Wonya Lucas landed a job as the CEO of the Hallmark Channel with two directives: Keep its brand intact and disrupt its playbook. At the same time.
Since mid-2020, Lucas has been the CEO of Hallmark Media, the parent of the cable-TV network known for its romantic storylines and feel-good holiday movies. In that time, Hallmark has diversified its casts and storylines — and changed how the channel itself is distributed as subscribers flee for streaming services. And she’s done it all while staying true to the Hallmark brand, which Lucas said is always on her mind.
“My first goal was understanding the audience, but then also understanding what I called the opportunity audience,” Lucas said in an interview with CNBC.
Lucas is a veteran in the media industry. She held top jobs at Turner Broadcasting networks like TNT and TBS and also at the Discovery Channel — years before they were brought together in the Warner Bros. Discovery merger — as well as The Weather Channel and TV One. She also spent parts of her career on the brand management side of household consumer companies like Coca-Cola and Clorox.
She credits that brand expertise for her focus and success at Hallmark. Her colleagues also point to that brand consciousness, even as she makes changes at Hallmark.
Under Lucas, Hallmark’s “Countdown to Christmas” movie slate has increasingly changed.
This past season one of its most successful movies, “Three Wise Men and a Baby,” a play on the 1980s flick “Three Men and a Baby,” didn’t feature a plot that revolved around romance at all. But the storyline departure paid off: The movie about three brothers taking care of a mystery baby during the holiday season was the most-watched cable-TV movie of the year, averaging 3.6 million viewers, according to Nielsen.
“I think she’s very committed to drawing in a new audience and figuring this out. I came here for Wonya because she shared her vision of things with me, and I said, ‘Yes, I am signing on for that,'” said Lisa Hamilton Daly, Hallmark’s head of programming.
Other films included “Christmas at the Golden Dragon,” about the family behind a Midwestern Chinese restaurant; “Hanukkah on Rye,” a romance about two competing deli owners; and “All Saints Christmas,” a tale about an R&B singer heading home for the holidays.
“At the end of the day,” Lucas said, “the consumer needs or desires to see themselves in the love story.”
When Lucas became CEO of Hallmark Media, which also includes the Hallmark Movies and Mysteries network, it had also been coming out from under a firestorm of controversy. Earlier in 2020, Bill Abbott, the longtime CEO who had helped turn the network into a behemoth, left the company following a controversy over commercials featuring a same-sex wedding ceremony. Facing pressure from a conservative group, Hallmark pulled the ads. It reversed course shortly after a gay-rights advocacy group tried to launch an advertising boycott.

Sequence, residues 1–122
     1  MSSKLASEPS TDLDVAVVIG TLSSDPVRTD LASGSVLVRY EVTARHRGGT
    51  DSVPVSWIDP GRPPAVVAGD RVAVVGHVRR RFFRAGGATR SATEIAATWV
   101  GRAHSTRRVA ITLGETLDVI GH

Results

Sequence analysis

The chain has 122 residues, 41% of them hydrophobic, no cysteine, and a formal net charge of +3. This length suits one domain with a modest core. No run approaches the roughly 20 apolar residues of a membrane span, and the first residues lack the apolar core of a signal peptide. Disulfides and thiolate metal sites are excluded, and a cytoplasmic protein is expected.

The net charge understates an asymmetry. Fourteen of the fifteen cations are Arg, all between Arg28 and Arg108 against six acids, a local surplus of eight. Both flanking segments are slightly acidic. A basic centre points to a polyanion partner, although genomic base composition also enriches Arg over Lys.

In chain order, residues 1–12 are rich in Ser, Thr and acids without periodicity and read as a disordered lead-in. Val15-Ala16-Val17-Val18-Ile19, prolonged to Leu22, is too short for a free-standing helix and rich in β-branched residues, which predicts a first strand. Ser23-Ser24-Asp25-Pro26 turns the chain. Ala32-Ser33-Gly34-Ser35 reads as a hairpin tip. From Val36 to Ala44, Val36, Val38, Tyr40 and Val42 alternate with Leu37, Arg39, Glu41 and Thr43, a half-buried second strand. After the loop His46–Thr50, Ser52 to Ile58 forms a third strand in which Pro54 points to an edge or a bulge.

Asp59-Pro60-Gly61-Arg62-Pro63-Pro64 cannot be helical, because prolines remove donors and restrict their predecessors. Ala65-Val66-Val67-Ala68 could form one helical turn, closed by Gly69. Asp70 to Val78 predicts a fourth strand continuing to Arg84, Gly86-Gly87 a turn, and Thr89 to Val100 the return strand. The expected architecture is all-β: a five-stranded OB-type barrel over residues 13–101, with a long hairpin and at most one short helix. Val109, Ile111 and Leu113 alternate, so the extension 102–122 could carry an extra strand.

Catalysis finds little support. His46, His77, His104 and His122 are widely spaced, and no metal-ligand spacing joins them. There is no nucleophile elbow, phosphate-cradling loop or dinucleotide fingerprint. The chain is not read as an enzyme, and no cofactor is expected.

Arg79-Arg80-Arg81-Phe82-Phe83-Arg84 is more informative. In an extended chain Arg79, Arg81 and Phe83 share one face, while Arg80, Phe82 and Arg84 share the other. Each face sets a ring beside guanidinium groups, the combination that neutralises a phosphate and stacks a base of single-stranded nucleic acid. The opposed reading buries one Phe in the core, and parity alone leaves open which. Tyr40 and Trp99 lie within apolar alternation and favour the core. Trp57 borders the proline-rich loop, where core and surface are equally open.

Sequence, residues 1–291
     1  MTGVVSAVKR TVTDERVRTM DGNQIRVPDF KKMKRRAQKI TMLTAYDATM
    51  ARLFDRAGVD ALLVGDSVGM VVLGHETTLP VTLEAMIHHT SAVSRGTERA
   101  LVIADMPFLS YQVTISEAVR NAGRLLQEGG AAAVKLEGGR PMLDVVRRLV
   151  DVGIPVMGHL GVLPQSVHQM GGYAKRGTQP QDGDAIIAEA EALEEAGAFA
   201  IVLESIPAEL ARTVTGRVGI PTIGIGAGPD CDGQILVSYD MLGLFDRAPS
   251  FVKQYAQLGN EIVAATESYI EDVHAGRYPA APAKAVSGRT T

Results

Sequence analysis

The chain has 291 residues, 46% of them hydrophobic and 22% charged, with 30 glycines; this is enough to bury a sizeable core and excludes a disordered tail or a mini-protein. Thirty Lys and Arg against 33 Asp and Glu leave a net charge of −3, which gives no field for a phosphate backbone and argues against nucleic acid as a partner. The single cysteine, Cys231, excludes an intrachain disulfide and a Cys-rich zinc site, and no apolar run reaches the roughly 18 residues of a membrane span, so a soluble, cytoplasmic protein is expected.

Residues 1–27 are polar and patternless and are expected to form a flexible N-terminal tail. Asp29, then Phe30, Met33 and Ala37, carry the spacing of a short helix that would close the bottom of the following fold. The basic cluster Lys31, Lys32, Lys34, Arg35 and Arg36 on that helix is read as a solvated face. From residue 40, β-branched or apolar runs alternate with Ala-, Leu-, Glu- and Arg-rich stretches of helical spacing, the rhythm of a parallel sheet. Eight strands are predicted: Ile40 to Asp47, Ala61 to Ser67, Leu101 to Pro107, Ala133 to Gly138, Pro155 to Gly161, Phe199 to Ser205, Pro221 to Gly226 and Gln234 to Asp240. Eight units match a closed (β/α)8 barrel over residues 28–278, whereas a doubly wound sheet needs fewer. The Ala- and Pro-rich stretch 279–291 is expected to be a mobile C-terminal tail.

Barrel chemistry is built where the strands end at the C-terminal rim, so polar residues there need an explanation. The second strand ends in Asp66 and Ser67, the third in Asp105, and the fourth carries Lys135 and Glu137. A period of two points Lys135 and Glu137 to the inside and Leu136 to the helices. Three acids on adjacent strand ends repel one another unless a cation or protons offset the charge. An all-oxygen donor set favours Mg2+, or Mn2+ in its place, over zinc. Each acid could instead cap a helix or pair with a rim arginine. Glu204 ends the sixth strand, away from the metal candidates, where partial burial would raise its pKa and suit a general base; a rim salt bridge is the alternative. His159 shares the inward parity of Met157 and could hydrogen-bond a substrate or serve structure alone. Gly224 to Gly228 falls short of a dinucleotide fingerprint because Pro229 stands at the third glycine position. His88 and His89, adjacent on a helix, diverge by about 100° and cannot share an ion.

Neither Hallmark nor Abbott have commented on why he left, but the controversy did stir questions about the network’s content.
Diversity was of the utmost importance when Lucas took over. Hallmark had been criticized for its films and series often dominated by storylines of heterosexual romance featuring primarily white casts. That meant that large swaths of the audience looking for more relatable content might feel shut out .
“Her towering strengths met exactly what we needed to do in the business, at a time when we were trying to broaden the content and storytelling,” said Mike Perry, the CEO of Hallmark Cards, the parent company of Hallmark Media.
“We needed someone strong strategically and someone who has a keen insight into our viewer. That’s Wonya,” Perry said.
Tapping into the brand, Lucas thought about what they could draw from the greeting card line and its verticals, such as Mahogany, Hallmark’s decades-old line of Black American cards and products.
During Lucas’ short tenure, there have been more films centered on self-love, and others with storylines such as a plus-size woman finding love and a family helping their autistic son during the holidays. Although storylines are morphing, and the casts, while still chock full of fan favorites like “Mean Girls” and “Party of Five” star Lacey Chabert, have changed, Lucas and Hamilton Daly continue to work to keep the content true to Hallmark’s love-centric brand.
Hallmark is also leaning more into content throughout the year, such as a summer movie theme — last year was travel, this year is weddings — and on various seasons besides the winter holidays. This month is “Loveuary” on the Hallmark Channel, with movies focused on love, but each with a twist, such as one about a chocolatier rumored to have the recipe to finding true love, and another about two strangers on a road trip realizing new priorities.
Hamilton Daly, who came to the cable-TV network after working as the director of scripted series at Netflix, stressed it was the change coming under Lucas that was her sole reason for taking the leap.